Although these actions are “broad”, they are also not “necessarily comprehensive”, Smith continued. “As I said in a video meeting a few weeks ago with the CEO of a European cloud service provider, our immediate goal is to ‘turn a long list of problems into a shorter list of problems.’

“In other words, let’s move fast so we can learn fast. “Today we are taking a big step, but not necessarily the last step we will have to take, and we look forward to continuing to receive feedback from European cloud providers, customers and regulators,” he added.

Speaking to Computer Weekly, Nextcloud CEO Frank Karliczek said the actions Microsoft is committed to are indicative of the pressure it is experiencing as a result of the complaints, but there is more that the company needs to look for.

“The main problem here is that we have a super-dominant position from Microsoft … [It is] it really dominates this whole market and it’s not healthy, “he said.” It’s not healthy for the open market, it’s not healthy for confidentiality and it’s not healthy for Europe’s digital sovereignty. We want regulators to do something against it to assure that there is fair competition and a level playing field.

Regarding the follow-up of Nextcloud and the coalition would like to see Microsoft take action, Karlicek said the company’s commitment to make parts of its open source cloud stack will be a start.

“Across Europe, you have this movement towards digital sovereignty, where governments want to control their data and applications. So if you are a government or a company and you use Microsoft, Google or Amazon – even if it is hosted in Europe – it is still under US jurisdiction because of the CLOUDS Act, “he said.

“They’re trying to solve that here by giving other cloud vendors the ability to hold that Microsoft stick, but obviously that’s not enough, because you’re still dependent on Microsoft because Microsoft isn’t open source.”

He continued: “Digital sovereignty will only come with open source software. What he has proposed so far is interesting and is a move in the right direction, in response to the pressure he is under, but that is not enough. “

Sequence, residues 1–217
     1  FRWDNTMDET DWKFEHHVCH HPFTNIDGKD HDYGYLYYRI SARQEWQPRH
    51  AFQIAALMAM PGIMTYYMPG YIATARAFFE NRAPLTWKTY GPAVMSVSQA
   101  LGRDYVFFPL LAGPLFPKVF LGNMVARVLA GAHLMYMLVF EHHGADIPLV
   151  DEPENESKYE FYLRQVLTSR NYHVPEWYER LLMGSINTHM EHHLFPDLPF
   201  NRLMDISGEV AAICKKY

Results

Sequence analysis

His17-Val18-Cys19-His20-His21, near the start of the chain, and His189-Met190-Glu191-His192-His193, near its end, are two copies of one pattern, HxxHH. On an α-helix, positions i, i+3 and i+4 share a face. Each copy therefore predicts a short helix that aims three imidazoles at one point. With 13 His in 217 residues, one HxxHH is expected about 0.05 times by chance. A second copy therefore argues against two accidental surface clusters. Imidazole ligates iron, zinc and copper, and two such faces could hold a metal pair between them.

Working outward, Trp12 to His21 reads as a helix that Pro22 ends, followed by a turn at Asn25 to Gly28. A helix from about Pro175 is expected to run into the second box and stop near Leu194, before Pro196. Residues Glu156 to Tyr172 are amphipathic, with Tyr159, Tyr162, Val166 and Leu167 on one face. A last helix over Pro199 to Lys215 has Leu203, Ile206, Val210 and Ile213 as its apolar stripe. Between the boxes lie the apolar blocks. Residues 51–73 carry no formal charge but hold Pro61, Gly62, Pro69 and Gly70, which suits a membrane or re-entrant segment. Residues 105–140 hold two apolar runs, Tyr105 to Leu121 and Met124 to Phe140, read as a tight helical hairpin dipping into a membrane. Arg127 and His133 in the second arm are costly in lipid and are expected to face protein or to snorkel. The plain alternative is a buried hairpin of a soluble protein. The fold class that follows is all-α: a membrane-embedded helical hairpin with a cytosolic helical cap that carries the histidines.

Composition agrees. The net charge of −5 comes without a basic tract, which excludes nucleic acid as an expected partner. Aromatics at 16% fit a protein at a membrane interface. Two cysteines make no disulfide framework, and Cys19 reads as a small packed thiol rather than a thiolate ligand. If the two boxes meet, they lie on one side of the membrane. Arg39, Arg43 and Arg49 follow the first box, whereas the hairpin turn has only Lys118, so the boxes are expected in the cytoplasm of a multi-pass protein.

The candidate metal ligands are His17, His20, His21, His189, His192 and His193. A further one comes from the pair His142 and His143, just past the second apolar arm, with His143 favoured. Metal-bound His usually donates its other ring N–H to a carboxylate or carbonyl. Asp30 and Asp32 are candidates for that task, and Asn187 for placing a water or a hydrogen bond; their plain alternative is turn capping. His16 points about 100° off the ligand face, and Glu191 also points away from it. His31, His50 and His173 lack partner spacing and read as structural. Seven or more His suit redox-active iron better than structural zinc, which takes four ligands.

Data from the IT market observer Synergy Research Group in September 2021 sheds some light on the impact that the growing retention of the US technology giant on the European market is having on the fate of local cloud providers.

While the market itself has grown almost fourfold since 2017 to $ 8.8 billion, European cloud providers have seen their market share fall from 27% to 16% over the same period, although revenue which these companies do has doubled during this time period.

Computer Weekly also contacted OVHcloud about its stance on Microsoft’s plans, given that it has also filed an antitrust complaint against the company with regulators in the past and received the following statement in response.

“Microsoft acknowledges the merits of our complaint and we can only regret that it must mobilize the relevant authorities to ensure a level playing field in a Europe where competition is both open and fair,” the statement said.

“We are now waiting to see the concrete conditions for the implementation of these resolutions and we remain committed to protecting a level playing field for the European cloud ecosystem.”